Vav, PH domain (IPR037832)

Short name: PH_Vav

Overlapping homologous superfamilies

Domain relationships


Vav acts as a guanosine nucleotide exchange factor (GEF) for Rho/Rac proteins. They control processes including T cell activation, phagocytosis, and migration of cells. The Vav subgroup of Dbl GEFs consists of three family members (Vav1, Vav2, and Vav3) in mammals [PMID: 10669724]. Vav1 is preferentially expressed in the hematopoietic system, while Vav2 and Vav3 are described by broader expression patterns [PMID: 26353933]. Mammalian Vav proteins consist of a calponin homology (CH) domain, an acidic region, a catalytic Dbl homology (DH) domain, a PH domain, a zinc finger cysteine rich domain (C1/CRD), and an SH2 domain, flanked by two SH3 domains. In invertebrates such as Drosophila and C. elegans, Vav is missing the N-terminal SH3 domain. The DH domain is involved in RhoGTPase recognition and selectivity and stimulates the reorganization of the switch regions for GDP/GTP exchange [PMID: 20141838]. The PH domain is implicated in directing membrane localization, allosteric regulation of guanine nucleotide exchange activity, and as a phospholipid-dependent regulator of GEF activity [PMID: 18511940]. Vavs bind RhoGTPases including Rac1, RhoA, and RhoG, while other members of the GEF family are specific for a single RhoGTPase. This promiscuity is thought to be a result of its CRD [PMID: 15850391].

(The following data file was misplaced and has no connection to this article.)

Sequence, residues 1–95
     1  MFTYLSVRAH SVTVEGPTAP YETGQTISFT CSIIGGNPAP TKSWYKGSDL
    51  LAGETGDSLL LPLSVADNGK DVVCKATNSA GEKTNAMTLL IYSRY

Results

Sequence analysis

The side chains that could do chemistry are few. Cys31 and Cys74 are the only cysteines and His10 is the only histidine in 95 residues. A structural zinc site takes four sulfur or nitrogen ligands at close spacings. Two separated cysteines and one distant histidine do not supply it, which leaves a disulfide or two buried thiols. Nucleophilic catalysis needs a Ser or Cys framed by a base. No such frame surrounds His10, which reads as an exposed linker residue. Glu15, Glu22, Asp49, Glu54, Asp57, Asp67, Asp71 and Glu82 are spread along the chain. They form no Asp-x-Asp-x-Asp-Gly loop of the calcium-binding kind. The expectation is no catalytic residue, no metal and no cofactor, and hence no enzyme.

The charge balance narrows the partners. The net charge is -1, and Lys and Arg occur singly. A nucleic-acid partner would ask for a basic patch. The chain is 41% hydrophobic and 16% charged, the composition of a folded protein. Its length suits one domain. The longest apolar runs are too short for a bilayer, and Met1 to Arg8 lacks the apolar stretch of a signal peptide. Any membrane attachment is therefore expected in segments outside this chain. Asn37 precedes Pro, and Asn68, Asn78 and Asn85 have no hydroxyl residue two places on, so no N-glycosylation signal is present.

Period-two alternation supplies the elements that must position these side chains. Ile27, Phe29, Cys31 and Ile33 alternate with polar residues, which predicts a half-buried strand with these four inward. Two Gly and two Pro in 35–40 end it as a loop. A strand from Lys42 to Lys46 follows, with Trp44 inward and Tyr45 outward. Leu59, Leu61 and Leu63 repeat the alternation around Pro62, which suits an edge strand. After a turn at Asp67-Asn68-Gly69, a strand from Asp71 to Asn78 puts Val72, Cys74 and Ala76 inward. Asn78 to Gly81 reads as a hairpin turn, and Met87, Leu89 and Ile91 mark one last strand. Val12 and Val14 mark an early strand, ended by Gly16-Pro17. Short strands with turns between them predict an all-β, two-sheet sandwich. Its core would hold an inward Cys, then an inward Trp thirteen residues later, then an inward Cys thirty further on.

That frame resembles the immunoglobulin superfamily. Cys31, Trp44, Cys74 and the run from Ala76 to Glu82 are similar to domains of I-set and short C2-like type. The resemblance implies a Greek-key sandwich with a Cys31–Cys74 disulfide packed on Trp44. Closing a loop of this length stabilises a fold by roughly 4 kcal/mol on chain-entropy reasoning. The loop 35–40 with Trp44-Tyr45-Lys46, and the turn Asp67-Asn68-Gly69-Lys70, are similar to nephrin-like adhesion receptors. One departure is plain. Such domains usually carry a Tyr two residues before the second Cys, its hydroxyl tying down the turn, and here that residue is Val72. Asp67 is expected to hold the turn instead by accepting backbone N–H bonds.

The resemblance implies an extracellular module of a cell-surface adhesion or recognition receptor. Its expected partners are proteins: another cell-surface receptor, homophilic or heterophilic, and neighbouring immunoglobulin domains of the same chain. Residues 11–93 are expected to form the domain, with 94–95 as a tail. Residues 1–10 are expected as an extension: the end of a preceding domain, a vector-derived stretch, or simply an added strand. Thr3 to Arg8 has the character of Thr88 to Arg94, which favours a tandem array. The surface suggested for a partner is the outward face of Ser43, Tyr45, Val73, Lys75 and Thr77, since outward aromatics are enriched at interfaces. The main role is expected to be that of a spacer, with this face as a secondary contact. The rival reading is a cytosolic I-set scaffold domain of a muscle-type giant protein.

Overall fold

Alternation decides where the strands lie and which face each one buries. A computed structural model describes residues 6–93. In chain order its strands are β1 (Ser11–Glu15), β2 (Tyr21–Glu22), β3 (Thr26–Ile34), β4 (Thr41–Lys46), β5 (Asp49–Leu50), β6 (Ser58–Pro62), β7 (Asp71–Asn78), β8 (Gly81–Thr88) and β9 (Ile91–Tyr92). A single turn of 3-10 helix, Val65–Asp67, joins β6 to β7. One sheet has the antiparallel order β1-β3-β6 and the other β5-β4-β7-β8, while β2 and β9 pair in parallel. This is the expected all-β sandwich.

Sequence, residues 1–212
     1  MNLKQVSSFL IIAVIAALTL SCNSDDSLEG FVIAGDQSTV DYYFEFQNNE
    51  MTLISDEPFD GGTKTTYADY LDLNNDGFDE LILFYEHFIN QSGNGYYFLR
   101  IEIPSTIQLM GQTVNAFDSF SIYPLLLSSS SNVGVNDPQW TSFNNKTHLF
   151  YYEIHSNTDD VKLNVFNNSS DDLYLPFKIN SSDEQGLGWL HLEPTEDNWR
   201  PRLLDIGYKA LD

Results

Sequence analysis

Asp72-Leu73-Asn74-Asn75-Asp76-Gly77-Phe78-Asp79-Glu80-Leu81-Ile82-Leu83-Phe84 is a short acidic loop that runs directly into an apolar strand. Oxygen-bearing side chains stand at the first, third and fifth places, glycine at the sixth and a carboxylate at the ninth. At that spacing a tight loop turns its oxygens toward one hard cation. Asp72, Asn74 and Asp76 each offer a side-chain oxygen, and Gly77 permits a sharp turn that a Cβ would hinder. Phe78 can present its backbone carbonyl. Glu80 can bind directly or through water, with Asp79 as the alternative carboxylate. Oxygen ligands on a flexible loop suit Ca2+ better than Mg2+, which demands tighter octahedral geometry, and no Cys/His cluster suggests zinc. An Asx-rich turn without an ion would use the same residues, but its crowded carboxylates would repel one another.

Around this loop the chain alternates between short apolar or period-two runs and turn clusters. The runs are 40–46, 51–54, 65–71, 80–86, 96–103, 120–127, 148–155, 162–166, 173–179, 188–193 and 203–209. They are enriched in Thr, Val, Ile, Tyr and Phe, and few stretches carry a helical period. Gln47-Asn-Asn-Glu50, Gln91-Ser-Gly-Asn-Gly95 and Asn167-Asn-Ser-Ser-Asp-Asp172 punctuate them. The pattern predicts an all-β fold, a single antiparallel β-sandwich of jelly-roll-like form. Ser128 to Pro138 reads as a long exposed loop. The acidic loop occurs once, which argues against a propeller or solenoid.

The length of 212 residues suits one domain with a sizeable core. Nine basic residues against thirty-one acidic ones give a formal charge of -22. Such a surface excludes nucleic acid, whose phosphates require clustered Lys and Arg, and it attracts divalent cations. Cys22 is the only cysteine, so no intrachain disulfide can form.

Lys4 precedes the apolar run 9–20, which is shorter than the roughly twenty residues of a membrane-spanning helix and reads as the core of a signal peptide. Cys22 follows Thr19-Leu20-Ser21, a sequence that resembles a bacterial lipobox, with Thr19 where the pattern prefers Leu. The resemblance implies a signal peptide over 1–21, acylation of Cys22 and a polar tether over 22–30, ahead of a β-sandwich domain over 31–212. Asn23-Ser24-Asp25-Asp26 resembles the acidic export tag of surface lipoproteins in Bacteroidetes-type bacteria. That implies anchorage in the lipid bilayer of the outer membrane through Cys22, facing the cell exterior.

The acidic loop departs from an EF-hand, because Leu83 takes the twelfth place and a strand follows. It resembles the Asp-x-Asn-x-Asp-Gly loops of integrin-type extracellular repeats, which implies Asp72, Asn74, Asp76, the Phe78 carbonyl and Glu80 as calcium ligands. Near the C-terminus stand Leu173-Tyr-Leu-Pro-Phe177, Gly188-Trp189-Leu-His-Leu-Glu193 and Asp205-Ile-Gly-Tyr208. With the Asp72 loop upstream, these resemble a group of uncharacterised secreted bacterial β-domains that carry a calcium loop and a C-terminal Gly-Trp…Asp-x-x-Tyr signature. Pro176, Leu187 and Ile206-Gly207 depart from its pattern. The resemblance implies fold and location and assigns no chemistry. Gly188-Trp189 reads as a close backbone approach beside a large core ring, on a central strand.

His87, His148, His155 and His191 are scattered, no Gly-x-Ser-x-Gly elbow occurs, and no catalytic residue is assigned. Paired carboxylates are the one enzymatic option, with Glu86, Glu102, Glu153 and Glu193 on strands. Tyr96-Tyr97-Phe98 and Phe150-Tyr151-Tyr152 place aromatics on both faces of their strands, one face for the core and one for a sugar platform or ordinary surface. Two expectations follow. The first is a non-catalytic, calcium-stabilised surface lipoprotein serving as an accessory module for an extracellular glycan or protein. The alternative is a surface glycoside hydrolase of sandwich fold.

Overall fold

PH domains have diverse functions, but in general are involved in targeting proteins to the appropriate cellular location or in the interaction with a binding partner [PMID: 22728242]. They share little sequence conservation, but all have a common fold, which is electrostatically polarized. Less than 10% of PH domains bind phosphoinositide phosphates (PIPs) with high affinity and specificity [PMID: 15493994]. PH domains are distinguished from other PIP-binding domains by their specific high-affinity binding to PIPs with two vicinal phosphate groups: PtdIns(3,4)P2, PtdIns(4,5)P2 or PtdIns(3,4,5)P3 which results in targeting some PH domain proteins to the plasma membrane [PMID: 14594214]. A few display strong specificity in lipid binding. Any specificity is usually determined by loop regions or insertions in the N terminus of the domain, which are not conserved across all PH domains. PH domains are found in cellular signaling proteins such as serine/threonine kinase, tyrosine kinases, regulators of G-proteins, endocytotic GTPases, adaptors, as well as cytoskeletal associated molecules and in lipid associated enzymes [PMID: 22728242].

Contributing signatures

Signatures from InterPro member databases are used to construct an entry.